They pull a knife, you pull a gun. He sends one of yours to the hospital, you send one of his to the morgue. That’s the Chicago way! And that’s how you get Capone.

Despite Costner being the star the film is stolen by both Connery and DeNiro; the former delivering a powerhouse performance and always seeming to have the best lines and the latter packing on 30 pounds to method act Capone as an enigmatic ‘rock-star’ who basks in the attention of the media and, despite his propensity for violence and criminal activities, is adored by the public.

Taught and well written The Untouchables is a modern classic in every way.

Only Angels Have Wings (1939)

Posted: February 3, 2012 in 1939, American, Drama, Romance

Set in South America, Bonnie Lee (Jean Arthur) is a showgirl traveling by boat to Panama to audition for a show.  En-route the ship docks overnight in the small port town of Barranca to take on supplies and Bonnie disembarks to explore the town.  Whilst ashore she meets a close knit group of American pilots who fly for Barranca Airways, a struggling freight business owned by ‘Dutchy’ Van Reiter (Sig Ruman) and managed by Geoff Carter (Carey Grant).  Despite his brusque manner Carter is respected by everyone and it soon becomes clear that he tries to hide his emotional damage behind his macho attitude.

When a fatal accident kills one of the pilots Bonnie is horrified at the way the other pilots deal with their grief, choosing to drink and pretending that the pilot never existed in the first place.  Howard Hawk’s Barranca is populated by ‘real’ men who drink hard liquor, chain smoke, and hide their emotions, unless that emotion is anger.  Intrigued by Geoff’s ambivalence towards her and the emotional wall he’s constructed around himself Bonnie chooses to stay on in Barranca eventually falling in love with Geoff.  Over the course of the film Geoff’s actions belie his hardened exterior and by performing small benevolent actions he redeems himself in the viewers eyes allowing them to understand the bond formed by the brotherhood of pilots and their fierce loyalty towards their charismatic leader.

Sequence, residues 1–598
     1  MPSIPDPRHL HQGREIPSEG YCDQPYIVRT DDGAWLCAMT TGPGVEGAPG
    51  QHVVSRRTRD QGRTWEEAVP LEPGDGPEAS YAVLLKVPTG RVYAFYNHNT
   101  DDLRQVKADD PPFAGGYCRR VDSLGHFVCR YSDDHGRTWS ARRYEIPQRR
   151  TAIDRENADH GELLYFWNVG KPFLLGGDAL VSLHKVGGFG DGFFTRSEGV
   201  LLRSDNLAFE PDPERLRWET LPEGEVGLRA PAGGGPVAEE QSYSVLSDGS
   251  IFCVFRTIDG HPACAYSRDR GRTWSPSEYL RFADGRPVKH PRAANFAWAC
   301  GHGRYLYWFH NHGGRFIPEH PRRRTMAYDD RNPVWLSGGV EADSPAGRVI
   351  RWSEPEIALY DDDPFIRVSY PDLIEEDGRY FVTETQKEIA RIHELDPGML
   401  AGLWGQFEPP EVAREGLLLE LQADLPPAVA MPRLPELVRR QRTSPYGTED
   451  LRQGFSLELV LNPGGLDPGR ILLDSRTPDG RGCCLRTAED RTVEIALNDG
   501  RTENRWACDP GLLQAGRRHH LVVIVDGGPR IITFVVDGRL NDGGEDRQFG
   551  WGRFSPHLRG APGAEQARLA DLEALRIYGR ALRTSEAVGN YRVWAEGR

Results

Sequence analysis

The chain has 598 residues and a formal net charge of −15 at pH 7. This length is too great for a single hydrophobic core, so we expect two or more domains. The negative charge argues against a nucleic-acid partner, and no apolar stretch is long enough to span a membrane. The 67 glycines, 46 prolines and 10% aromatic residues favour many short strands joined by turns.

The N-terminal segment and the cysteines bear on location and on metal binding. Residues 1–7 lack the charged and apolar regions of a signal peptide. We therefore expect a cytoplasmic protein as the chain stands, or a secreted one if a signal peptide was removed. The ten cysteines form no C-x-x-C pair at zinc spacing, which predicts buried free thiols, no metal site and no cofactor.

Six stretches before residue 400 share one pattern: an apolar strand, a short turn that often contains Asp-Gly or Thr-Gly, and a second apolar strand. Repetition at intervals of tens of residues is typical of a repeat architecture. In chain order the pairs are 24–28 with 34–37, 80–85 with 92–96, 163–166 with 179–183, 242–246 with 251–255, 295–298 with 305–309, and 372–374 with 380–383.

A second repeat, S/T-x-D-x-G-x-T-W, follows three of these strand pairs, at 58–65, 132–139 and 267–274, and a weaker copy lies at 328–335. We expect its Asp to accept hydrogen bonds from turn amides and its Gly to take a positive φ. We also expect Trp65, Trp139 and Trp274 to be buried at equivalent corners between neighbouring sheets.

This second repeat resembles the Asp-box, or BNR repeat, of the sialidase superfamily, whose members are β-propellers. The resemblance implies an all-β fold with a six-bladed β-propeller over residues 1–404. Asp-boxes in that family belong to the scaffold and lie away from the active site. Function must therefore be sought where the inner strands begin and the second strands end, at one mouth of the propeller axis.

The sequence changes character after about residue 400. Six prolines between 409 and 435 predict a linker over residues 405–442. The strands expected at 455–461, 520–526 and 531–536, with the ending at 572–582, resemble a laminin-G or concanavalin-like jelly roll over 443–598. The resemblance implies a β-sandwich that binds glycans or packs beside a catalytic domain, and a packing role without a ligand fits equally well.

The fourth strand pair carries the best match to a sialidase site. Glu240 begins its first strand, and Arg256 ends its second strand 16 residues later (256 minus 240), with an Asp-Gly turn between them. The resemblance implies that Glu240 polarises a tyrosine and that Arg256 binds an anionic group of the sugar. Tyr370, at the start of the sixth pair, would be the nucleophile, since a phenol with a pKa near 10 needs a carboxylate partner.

Angels is the first film Grant did for Columbia after being released from his contract with Paramount and is widely regarded as one of director Howard Hawks best films – particularly for the flying sequences.  In 1983 Donald P. Bellisario created the TV show ‘Tales of the Gold Monkey’ which was inspired by Only Angels Have Wings and in turn went on to inspire the Disney cartoon ‘Talespin’.

The Shining (1980)

Posted: January 30, 2012 in 1980, American, Horror

Adapted from the 1977 Steven King novel the plot of the film version differs quite dramatically from that of the original book.

Written by Stanley Kubrick and Diane Johnson the film tells the story of Jack Torrance (Jack Nicholson), a writer who takes a job as winter caretaker at The Overlook Hotel with the aim of using the time to write his new book.  During his interview at the beginning of the film the hotels manager, Stuart Ullman, makes a point of telling him about one of the previous caretakers, Charles Grady, who got cabin fever and killed his family before committing suicide.  Jack takes the job anyway and is joined at The Overlook by his wife, Wendy (Shelly Duvall), and son, Danny (Danny Lloyd), who is gifted with supernatural abilities.  When the family arrive on the last day of the season Danny meets the head chef, Dick Hallorann (Scatman Crothers), who also has the same abilities as Danny and explains that the ability is called ‘Shining’.  During their conversation Danny asks about Room 237, Dick tells him the hotel has a ‘Shine’ of it’s own and many memories, not all of which are good, and that he should stay away from Room 237.

As time goes by The Overlook get’s snowed in, becoming more secluded as the telephone lines go down and contact with the outside world becomes more infrequent.  Jack takes over The Colorado Lounge, a vast recreation room, to start writing his novel and becomes increasingly frustrated at his inability to make progress.  Whilst trying to write Jack is frequently interrupted by Wendy until one day he snaps at her and tells her not to disturb him whilst he’s working, Jack becomes more isolated in the vast room reflecting the increasing isolation of The Overlook itself.

Danny amuses himself during the course of their tenancy by playing in the corridors and rooms of The Overlook but is plagued by visions and nightmares caused by his Shining ability.  Eerie music sets the mood for Danny’s ability whilst disturbing images of twin girls, mutilated corpses, and rivers of blood flowing through the corridors of The Overlook flash across the screen.  Kubrick plays on the viewers nerves through both the visuals and sound to create an uncomfortable atmosphere to the film rather than using shock tactics to scare the viewer.  Long tracking shots are used to great effect in The Shining creating long, drawn out scenes where you wait with bated breath for the pay off.  The most famous of these scenes is when the camera follows Danny as he rides his Big Wheel through the corridors of the hotel with the soundtrack alternating between virtual silence as the plastic wheels cross the carpeted areas before exploding with noise when they move onto the wooden floors.